On the longer end for an investor looking to retire in 2035 28 years after the financial crisis, the Fidelity Freedom 2035 Fund dropped 47.80%. Not much better than just holding the S & P 500. But certainly an actively managed fund, holding funds chosen by Fidelity would outperform the S&P 500 over the longer term. Not necessarily. The 10 year average annual return as of 10/31/2016 of the S&P 500 is 6.70%, while the Fidelity Freedom 2035 Fund’s average annual return has been 4.43%. American Funds does not have a 10 year average annual return figure.

Bottom line – longer dated funds seem to have a substantial risk profile, similar to the S&P 500 with significantly lower average annual returns. While an index fund has minimal fees to the investment company, many target date funds double dip on fee collection by charging for the target date fund and for the underlying funds. So who is making money here? And why is the Department of Labor (DOL) seemingly pushing investors into these funds?

Future Performance. No I don’t have a crystal ball, but what we do know is this:

  1. As of December 2016 interest rates on the 10 year Treasury have risen nearly a full percentage point since the election.
  2. The Federal Reserve has wanted to move rates from the zero level for years.
  3. Mr. Trump campaigned against the Fed disrupting the economy by keeping interest rates low.
  4. Bonds allocations increase in TDF’s as the target or retirement date gets closer.
  5. Bonds lose money when interest rates go up.

To sum that up, target date funds intentionally buy investments that mathematically lose value (assuming rising interest rates),  as the investor moves closer to retirement.

How much can you lose? Whenever looking at individual bonds, bond funds or ETF’s there is a statistic call “Duration” that is usually reported. The actual definition and calculation is a bit confusing, but duration is commonly used as a proxy for the funds likely price change from a 1% change in interest rates. For example the duration for the bond holdings in Fidelity Freedom 2035 Fund is 4.13 and they hold only 3.50% of assets in U S bonds. So any change in interest rates would have only a nominal effect on the overall fund performance. But in the 2020 Fund, targeted at someone just 3 years away from retirement the duration is 5.16 and they hold 26.30% of assets in U S bonds. This means a loss of 1.3% to the portfolio if interest rates rise by 1%. This may not seem like much, but add in the Funds expenses of .67% and the underlying fund expense of .45% and the interest from the bond holding of 3.73% is nearly wiped out. The conundrum, and in fairness all investors currently face, is that by diversifying into bonds as you approach retirement you are at best creating “dead” assets with very little potential for a positive return. But stay too heavy in stocks and you face the potential catastrophic losses that investors, including those in target date funds, suffered in the financial crisis.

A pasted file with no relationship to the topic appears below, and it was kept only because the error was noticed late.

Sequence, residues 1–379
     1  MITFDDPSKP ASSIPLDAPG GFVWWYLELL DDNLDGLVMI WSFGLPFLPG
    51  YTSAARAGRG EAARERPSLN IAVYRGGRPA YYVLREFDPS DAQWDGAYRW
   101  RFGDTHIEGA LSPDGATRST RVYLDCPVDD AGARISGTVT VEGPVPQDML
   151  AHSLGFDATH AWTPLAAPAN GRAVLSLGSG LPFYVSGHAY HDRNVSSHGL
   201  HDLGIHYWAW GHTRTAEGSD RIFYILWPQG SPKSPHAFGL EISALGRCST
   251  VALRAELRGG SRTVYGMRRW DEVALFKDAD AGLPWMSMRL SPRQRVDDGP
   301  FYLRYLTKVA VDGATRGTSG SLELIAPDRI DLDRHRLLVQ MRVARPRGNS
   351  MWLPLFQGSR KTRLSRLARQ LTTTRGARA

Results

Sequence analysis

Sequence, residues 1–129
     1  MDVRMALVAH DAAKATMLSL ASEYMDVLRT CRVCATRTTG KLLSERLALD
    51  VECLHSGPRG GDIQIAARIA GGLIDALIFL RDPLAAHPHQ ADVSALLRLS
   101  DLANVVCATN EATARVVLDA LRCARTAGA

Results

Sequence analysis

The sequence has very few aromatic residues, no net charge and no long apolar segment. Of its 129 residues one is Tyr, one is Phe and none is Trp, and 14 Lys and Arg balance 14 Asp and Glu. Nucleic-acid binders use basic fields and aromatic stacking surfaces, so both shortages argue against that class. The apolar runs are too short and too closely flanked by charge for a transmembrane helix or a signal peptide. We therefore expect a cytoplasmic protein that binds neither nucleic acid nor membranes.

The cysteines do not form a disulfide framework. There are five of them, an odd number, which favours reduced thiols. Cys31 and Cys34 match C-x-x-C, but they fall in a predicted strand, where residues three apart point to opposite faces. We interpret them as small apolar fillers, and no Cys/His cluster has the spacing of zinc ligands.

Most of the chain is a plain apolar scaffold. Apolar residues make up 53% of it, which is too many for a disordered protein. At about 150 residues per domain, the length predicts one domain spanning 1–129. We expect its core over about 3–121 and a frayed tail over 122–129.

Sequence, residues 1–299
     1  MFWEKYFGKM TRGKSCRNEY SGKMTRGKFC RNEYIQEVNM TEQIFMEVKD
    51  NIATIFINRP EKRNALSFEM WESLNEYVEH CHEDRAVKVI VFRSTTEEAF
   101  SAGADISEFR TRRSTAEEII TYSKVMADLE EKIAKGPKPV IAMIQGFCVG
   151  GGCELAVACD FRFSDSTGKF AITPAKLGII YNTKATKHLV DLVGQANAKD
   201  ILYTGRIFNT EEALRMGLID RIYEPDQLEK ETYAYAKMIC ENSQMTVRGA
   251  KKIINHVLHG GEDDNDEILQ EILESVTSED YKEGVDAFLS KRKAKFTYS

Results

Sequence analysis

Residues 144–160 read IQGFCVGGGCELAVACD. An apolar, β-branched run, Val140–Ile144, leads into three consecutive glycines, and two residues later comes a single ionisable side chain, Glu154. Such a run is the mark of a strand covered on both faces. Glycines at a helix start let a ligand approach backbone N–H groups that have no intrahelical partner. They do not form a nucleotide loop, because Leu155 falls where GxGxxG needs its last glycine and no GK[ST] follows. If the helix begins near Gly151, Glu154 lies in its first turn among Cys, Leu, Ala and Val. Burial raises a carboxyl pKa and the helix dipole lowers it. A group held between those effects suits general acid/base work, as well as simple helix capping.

Performance.

Of course the bottom line to most investors is performance. And when it comes to long term investing for retirement that should be an investor’s priority. Volatility is not pleasant, and can destroy a retiree’s portfolio when distributions are being taken from a falling portfolio. But for the accumulator, long term return is what matters.

TDF’s have short track records, but both Fidelity Freedom Funds and the Vanguard Target Retirement funds do have at least a 10 year track record. While I think focusing on fees only is a pretty lazy approach to analysis, it’s also pretty clear that Vanguard’s performance advantage comes from their low fee structure. Vanguard’s Target Retirement 2045 Fund has a 10 year average annual return of 5.32% and a financial crisis loss of 46.68%. The Vanguard S&P 500 Index Fund has a 10 year average annual return of 6.58% and a financial crisis draw down of 50.20%. While the returns aren’t too exciting for either it would be a mistake to dismiss the difference.

Taking a simple example of someone with $20,000 invested and adding a flat $5000 a year for 30 years until retirement. At a 5.32% average annual return for 30 years our investor would accumulate $466,350. Up that to 6.58% and the amount would be $611,000, that’s 31% more by sticking with the index fund. In theory that gap would actually be larger as the target date fund would gradually move to a higher bond allocation as the target date grows closer, reducing the risk level but also reducing the average annual return.

Conclusion

While this report doesn’t cover all aspects of Target Date Funds, my conclusion is pretty clear. The risk reduction offered by TDF’s is greatly exaggerated and does not come close to offsetting the probable lower capital accumulation that is likely vs. investing in an all equity portfolio that can reasonably be expected to meet or exceed the total return of the S&P 500 index.